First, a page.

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Developing Nations on a Firm Footing

Developing_NationsPrior to the global recession, many low-income countries (LICs) had made tangible progress on economic policies that facilitated decent growth and single-digit inflation. Together with debt relief – mainly through the International Monetary Fund’s (IMF’s) Heavily Indebted Poor Countries and Multilateral Debt Relief initiatives, the former being jointly administered by the World Bank – and rising trade and capital inflows (foreign investment, remittances and official aid), these policies led to falling poverty rates and improving social indicators. However, many of these hard-won gains were, through no fault of the poorer countries, subsequently eroded during 2009.

Despite the contagious impact of harsh conditions, a significant number of LICs found themselves better prepared than before to cope with global turmoil, thanks to ‘policy buffers’ – sound budget positions, declining current-account deficits and adequate reserves levels – which had been built-up in good times. The IMF noted: ‘Those countries that had improved their policies most during the pre-crisis period were able to mount the strongest counter-cyclical responses, thus successfully limiting the decline in output.’

Significantly, health and education spending rose in real terms in 20 African countries during 2009. Foreign portfolio investors have not taken wholesale flight from the  developing world, as evidenced by recovering stock markets, sovereign spreads returning to near pre-crisis levels and successful bond issuances (as occurred, for example, in Senegal in December 2009). LIC growth is projected at around six per cent over 2010-11 – higher than during the 1990s. Several factors account for this resilience, among them low financial integration, which shielded many LIC economies from market upheavals in the developed world, and buoyant commodity markets fuelled by strong Asian demand.



Nonetheless, external shocks have undone recent progress on reaching the Millennium Development Goals, which aim to cut hunger, disease, maternal/child deaths and other chronic ills in half by 2015. The World Bank estimates that, as a result of the global recession, 71 million fewer people will have escaped absolute poverty by 2020, 100 million more people could lack access to safe water in 2015, and an additional 1.2 million children might die before the age of five during the period 2009-15. Furthermore, budget deficits have increased, and LIC external debt has risen by seven per cent of gross domestic product (GDP). According to the World Bank, ‘years of progress appear to have been lost and the positive momentum has been derailed.’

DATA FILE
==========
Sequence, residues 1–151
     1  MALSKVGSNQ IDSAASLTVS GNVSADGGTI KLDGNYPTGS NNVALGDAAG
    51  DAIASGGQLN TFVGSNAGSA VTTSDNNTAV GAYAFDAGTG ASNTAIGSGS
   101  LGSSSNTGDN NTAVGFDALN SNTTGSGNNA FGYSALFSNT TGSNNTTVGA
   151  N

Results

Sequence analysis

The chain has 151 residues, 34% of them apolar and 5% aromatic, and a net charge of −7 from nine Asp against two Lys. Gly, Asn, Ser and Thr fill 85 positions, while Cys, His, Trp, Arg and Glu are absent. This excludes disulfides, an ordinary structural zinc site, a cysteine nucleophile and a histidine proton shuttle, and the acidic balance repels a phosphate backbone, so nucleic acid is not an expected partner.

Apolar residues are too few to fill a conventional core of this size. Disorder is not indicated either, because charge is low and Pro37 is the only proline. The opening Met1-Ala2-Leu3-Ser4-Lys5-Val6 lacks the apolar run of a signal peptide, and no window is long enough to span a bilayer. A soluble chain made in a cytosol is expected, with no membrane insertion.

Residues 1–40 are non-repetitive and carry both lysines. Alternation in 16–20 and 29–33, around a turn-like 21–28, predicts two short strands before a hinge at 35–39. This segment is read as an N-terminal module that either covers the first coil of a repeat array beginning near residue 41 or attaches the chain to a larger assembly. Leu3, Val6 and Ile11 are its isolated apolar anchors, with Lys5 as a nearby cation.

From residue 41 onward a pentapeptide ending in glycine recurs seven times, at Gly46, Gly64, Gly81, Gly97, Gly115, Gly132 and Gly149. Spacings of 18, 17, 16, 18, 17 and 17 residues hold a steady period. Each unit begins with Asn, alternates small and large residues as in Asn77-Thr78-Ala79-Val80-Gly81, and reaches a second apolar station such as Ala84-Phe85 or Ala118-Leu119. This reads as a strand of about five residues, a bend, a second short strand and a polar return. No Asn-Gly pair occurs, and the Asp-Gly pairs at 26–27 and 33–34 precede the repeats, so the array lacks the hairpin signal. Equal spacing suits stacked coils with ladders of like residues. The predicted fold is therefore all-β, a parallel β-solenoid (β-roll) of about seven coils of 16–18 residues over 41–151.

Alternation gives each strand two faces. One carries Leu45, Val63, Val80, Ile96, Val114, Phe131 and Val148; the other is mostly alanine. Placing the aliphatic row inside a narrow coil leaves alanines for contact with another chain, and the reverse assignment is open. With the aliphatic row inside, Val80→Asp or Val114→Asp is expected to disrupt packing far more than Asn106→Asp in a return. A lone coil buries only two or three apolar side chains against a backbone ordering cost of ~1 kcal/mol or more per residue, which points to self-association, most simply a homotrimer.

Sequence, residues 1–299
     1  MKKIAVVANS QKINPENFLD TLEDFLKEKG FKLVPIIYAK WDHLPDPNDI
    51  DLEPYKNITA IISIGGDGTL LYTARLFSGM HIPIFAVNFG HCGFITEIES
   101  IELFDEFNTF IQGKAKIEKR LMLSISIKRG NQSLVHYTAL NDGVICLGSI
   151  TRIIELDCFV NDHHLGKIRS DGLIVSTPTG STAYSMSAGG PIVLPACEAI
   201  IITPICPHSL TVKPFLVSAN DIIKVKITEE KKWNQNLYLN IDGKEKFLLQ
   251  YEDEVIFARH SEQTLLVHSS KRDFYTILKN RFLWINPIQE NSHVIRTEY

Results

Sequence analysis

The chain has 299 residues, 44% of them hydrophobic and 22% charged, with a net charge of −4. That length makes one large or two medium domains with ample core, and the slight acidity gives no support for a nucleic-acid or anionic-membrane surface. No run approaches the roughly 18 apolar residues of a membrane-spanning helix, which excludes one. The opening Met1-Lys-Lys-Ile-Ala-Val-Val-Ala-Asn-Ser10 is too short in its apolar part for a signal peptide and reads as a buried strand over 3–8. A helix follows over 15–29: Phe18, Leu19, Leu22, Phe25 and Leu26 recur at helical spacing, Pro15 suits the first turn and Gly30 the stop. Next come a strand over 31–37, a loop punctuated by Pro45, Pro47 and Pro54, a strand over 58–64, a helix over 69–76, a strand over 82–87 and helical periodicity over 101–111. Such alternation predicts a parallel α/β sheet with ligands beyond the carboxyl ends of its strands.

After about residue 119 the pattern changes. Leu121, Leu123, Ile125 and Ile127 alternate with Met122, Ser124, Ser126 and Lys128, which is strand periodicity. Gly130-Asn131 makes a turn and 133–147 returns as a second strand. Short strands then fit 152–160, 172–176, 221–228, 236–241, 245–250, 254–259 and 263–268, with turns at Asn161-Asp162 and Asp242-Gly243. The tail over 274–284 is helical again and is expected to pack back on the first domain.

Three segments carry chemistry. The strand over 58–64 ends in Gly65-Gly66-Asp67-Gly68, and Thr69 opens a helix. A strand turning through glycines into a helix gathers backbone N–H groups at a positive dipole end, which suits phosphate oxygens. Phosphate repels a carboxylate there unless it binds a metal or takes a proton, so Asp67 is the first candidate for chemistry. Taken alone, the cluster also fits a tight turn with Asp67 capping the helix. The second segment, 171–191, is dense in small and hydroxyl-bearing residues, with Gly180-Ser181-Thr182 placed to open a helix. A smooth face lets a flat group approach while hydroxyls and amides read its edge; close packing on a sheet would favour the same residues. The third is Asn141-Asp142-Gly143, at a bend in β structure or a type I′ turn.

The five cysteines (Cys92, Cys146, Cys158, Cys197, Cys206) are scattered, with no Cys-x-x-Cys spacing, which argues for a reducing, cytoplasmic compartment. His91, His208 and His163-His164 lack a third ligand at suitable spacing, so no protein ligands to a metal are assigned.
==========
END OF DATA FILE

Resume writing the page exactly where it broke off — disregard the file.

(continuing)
From the mid 1990s until just prior to the recession, the number of people living in abject poverty – ie, on less than US$1.25/day – dropped by 400 million, or 40 per cent. Poverty alleviation and universal primary education goals seemed within reach. To regain this momentum, it is vital that robust and inclusive growth be restored quickly. Moreover, peace and prosperity are closely interlinked. ‘Economic marginalisation and destitution could lead to social unrest, political instability, a breakdown of democracy or war,’ warns Dominique Strauss-Kahn, the IMF’s managing director. Worryingly, about 600 million people live in fragile conflict states where poverty rates average 54 per cent (compared with 22 per cent for LICs as a group).



Foreign direct investment (FDI) and remittances should rebound after recent steep falls, albeit at a moderate pace, given depressed construction activity and lower capital spending in advanced economies. The World Bank estimates that remittances to LICs will increase during 2010-11 at an annual rate of six-to-seven per cent. Meanwhile, trade remains critical for smaller nations that rely heavily on exports as a source of employment and foreign exchange. LICs that have diversified their exports more toward large, dynamic emerging markets in Asia – led by China – and South America will enjoy a more sustained recovery in exports than counterparts whose major trading partners are developed countries.

The IMF projects 2010 growth in the US and Eurozone at 2.6 per cent and 1.7 per cent respectively, and expects both regions to slow down once more as stimulus policies are gradually withdrawn. The banking sector remains the Achilles’ heel of the developed world’s recovery process, hindering credit provision and consumption. By contrast, the newly industrialised Asian economies are likely to surge ahead at 7.8 per cent growth this year. Olivier Blanchard, the IMF’s chief economist, observes: ‘The world economic recovery is proceeding. But it is an unbalanced recovery, sluggish in advanced countries, much stronger in emerging and developing countries.’



The international community must restore balanced and sustainable global growth as a precondition for achieving the Millennium Development Goals. Doing so will require concerted efforts by the G-20 economies (which account for 80 per cent of world output), multilateral institutions and developing nations themselves.

IMF-World Bank analysis predicts that the $1 trillion fiscal stimulus package unveiled in April 2009 by G-20 leaders will boost world GDP by 0.5 per cent per annum over a five-year period, create 30 million new jobs and rescue 33 million people from poverty.